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Five myths about making great design ideas happen

Jo Lowndes, senior strategist for innovation at creative agency Rufus Leonard, looks at the reality of idea generation in design.

This spring heralds the release of Sprint from the Google Ventures’ design team, a book that claims to help “solve big problems and test new ideas in just five days.” Innovation is famously hard, but the book challenges some key myths, ensuring ideas make it beyond the initial brainstorm.

1. Too busy to innovate right now

With targets and objectives set against business as usual, it can be difficult to find time to develop new products or services that will make a genuine difference to consumers’ lives. The important is always trumped by the urgent. However, it is a big risk to the long-term health of the business to let innovation fall by the wayside.

Time-boxed efforts present a way around this. They are an intense, but very short-term commitment to step outside the day-to-day and focus solely on creating amazing new experiences for your customer.

2. Don’t let unpolished design out the door

The book includes many case studies, one of which is from a company called Savioke which provides robots to the services industry. Savioke piloted and room service robot with Starwood hotels and used the Sprint process to finalise its design. Within three weeks the robot was in full service at the hotel.

The Sprint prototype was programmed from an old laptop and a PlayStation controller, while its “face” was a slide on an iPad. It could perform just one task, but this was enough to find out how guests would react to a robot delivering room service. It was the minimum necessary to learn how to proceed.

End users are the oxygen of product development – absolutely critical to progress. A cardboard mock-up, a series of Keynote slides or even a sketched storyboard can all be enough to spark discussion and gain feedback. It may feel uncomfortable sharing unfinished goods, but in holding back you starve yourself of this oxygen. Prototyping is a time to learn, not a time to impress.

3. Bring people together and the ideas will flow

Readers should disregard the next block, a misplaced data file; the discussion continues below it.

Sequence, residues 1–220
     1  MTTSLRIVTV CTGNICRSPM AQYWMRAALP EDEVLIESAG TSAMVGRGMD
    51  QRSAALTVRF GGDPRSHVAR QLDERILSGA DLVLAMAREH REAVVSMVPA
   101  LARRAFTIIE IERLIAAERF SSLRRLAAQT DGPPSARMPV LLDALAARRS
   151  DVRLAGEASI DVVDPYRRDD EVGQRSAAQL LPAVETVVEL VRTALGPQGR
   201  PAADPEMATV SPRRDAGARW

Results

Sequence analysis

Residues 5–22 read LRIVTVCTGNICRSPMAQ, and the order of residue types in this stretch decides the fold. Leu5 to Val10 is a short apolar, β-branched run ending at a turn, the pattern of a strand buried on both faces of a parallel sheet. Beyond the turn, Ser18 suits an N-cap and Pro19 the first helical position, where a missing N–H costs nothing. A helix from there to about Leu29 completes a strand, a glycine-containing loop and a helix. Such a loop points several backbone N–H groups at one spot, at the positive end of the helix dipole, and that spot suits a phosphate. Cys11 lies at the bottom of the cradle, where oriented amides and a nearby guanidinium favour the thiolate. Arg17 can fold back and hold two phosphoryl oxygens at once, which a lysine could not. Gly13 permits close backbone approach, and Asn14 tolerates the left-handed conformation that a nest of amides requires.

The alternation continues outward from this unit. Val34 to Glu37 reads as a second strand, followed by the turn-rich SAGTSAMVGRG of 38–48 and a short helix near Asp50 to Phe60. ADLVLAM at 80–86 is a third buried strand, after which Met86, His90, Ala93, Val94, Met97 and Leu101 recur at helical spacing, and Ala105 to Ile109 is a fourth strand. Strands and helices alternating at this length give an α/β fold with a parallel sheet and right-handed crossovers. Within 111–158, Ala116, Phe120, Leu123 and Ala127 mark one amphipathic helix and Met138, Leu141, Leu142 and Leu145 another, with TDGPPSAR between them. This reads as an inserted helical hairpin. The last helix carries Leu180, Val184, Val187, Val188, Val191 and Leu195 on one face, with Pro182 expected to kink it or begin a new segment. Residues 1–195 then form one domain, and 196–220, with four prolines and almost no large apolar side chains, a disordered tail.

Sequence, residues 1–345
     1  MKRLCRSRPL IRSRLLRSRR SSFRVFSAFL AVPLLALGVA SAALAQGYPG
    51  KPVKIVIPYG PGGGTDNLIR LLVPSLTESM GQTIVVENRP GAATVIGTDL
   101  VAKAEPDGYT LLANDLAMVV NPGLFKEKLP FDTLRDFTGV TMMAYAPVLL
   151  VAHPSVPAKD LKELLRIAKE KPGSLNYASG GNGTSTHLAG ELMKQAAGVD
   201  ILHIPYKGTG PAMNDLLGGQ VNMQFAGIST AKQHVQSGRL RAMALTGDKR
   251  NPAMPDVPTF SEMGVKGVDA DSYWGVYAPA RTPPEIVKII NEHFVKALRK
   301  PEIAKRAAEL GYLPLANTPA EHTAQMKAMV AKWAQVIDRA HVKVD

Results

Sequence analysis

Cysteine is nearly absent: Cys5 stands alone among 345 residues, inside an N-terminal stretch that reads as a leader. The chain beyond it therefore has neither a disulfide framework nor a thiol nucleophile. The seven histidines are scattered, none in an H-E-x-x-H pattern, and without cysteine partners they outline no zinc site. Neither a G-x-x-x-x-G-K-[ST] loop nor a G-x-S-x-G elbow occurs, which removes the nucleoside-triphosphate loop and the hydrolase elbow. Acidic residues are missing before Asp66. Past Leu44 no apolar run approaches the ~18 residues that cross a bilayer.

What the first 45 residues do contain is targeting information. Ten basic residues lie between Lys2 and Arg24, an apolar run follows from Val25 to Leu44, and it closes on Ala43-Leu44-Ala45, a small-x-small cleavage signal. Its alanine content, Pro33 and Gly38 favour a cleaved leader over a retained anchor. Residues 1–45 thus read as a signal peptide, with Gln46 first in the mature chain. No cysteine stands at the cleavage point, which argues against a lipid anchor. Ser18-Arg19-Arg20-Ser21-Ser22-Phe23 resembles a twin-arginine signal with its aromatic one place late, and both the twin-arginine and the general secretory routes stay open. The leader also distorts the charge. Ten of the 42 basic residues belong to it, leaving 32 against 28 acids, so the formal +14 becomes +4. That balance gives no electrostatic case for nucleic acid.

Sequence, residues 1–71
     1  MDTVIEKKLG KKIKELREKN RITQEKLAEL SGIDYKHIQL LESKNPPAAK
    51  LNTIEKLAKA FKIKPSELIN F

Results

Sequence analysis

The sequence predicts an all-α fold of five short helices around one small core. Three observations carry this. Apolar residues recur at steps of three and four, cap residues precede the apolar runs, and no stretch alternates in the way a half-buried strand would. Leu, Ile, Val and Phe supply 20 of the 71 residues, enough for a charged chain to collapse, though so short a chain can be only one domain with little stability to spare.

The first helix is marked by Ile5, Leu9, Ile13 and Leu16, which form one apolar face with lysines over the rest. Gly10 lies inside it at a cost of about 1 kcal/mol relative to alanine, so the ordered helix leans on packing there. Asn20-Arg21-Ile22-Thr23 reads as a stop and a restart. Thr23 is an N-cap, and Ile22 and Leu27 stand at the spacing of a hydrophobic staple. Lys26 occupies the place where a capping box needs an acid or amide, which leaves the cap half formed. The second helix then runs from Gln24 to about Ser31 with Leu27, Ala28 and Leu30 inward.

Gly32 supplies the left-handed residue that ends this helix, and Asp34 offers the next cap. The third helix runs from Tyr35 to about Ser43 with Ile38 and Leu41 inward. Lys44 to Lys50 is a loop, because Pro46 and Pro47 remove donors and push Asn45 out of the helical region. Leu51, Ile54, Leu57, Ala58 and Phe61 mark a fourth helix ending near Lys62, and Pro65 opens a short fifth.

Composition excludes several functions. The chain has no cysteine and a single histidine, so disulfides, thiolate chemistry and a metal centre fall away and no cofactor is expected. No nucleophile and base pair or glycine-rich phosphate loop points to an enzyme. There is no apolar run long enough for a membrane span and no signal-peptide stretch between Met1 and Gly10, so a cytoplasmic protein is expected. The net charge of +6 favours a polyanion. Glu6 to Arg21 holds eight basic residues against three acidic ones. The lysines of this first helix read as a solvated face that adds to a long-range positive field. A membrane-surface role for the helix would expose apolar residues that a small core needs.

While collaboration is critical, simply inviting a number of tired and stressed colleagues to brainstorm together does not tend to bring about collective genius. Extroverts shout loudly while others plan what to say next.

To be true to the purpose of a brainstorm, we need to ensure that the different perspectives in the room are properly heard so they can be collided and built upon. Sprint suggests an initial presentation of expertise during which participants actively listen. They formulate “How Might We…?” questions to return to later, ensuring that ideas are built on expert insight.

Extroversion is taken out of the equation as the process alternates between solo work and group sharing, ensuring everyone has time to consider their ideas and everyone is heard. Because the whole point of brainstorms is that no one person has all the knowledge.

4. Consensus is a must

You will develop the strongest ideas with those who are aren’t afraid to challenge you. Not rubbish your goals, but spark healthy debate and surface potential weaknesses. We call them the “loyal dissenters” – these are the people you want on board. You don’t need people who will agree every step of the way.

Faced with a choice of ideas it is not important for everyone to favour the same one. What matters is for everyone to have offered their perspective. The Sprint process remains clear-sighted about the importance of the ultimate decision makers at an organisation. It uses their role to the team’s advantage, ensuring that good ideas don’t get lost or conflated. Known as “The Decider”, this person listens and then makes the final decision on which idea to progress. This way ideas don’t have to be merged or tamed – the strongest is taken forward and tested. Consensus is compromise.

5. You won’t get it past the boss

There will be plenty in the day job keeping the boss awake at night. Getting their attention with your new idea can be a real challenge. Why should they invest and what is it anyway? At Rufus we focus on getting visual quickly. Showing someone a video, a mock-up or even a picture of your idea has a vastly better chance of getting them on board than even the finest elevator pitch.

Designing a new product or service does not have to mean major investment, nor months of planning. Visual, time-boxed and collaborative processes can kick-start the creative process with near-immediacy, and on a shoestring.